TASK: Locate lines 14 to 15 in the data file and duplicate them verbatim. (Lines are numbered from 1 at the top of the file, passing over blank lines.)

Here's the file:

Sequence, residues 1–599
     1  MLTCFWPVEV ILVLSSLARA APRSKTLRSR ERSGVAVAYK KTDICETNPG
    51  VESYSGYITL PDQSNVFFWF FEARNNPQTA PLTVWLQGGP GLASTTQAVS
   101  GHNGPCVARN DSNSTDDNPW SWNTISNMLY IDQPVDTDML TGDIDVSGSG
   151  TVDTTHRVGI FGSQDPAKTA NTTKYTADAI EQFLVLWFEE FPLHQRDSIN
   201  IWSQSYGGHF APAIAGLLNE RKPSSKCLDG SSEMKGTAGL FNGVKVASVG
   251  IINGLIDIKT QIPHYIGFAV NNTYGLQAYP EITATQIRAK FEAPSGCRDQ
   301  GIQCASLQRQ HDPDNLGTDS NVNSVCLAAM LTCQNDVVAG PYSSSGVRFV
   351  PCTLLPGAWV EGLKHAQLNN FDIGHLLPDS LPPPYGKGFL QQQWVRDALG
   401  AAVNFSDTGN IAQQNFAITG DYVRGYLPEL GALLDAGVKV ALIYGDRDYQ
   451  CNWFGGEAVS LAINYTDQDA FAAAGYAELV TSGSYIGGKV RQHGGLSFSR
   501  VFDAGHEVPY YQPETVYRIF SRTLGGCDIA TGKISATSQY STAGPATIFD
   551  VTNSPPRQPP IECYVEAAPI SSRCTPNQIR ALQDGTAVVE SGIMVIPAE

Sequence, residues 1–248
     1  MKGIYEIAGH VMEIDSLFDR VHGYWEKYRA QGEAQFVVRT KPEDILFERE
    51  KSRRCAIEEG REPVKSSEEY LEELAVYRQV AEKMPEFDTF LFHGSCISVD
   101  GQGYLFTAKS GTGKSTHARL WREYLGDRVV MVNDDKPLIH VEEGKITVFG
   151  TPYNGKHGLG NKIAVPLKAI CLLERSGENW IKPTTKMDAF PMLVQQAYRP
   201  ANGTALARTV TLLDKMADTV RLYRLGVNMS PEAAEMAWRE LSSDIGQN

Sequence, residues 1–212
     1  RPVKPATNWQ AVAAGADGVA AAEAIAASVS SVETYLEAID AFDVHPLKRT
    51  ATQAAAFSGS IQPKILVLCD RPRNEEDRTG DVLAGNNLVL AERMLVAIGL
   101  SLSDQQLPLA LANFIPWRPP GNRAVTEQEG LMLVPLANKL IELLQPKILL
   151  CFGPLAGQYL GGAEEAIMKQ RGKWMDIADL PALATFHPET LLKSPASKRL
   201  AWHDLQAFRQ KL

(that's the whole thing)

Sequence, residues 1–248
     1  MKGIYEIAGH VMEIDSLFDR VHGYWEKYRA QGEAQFVVRT KPEDILFERE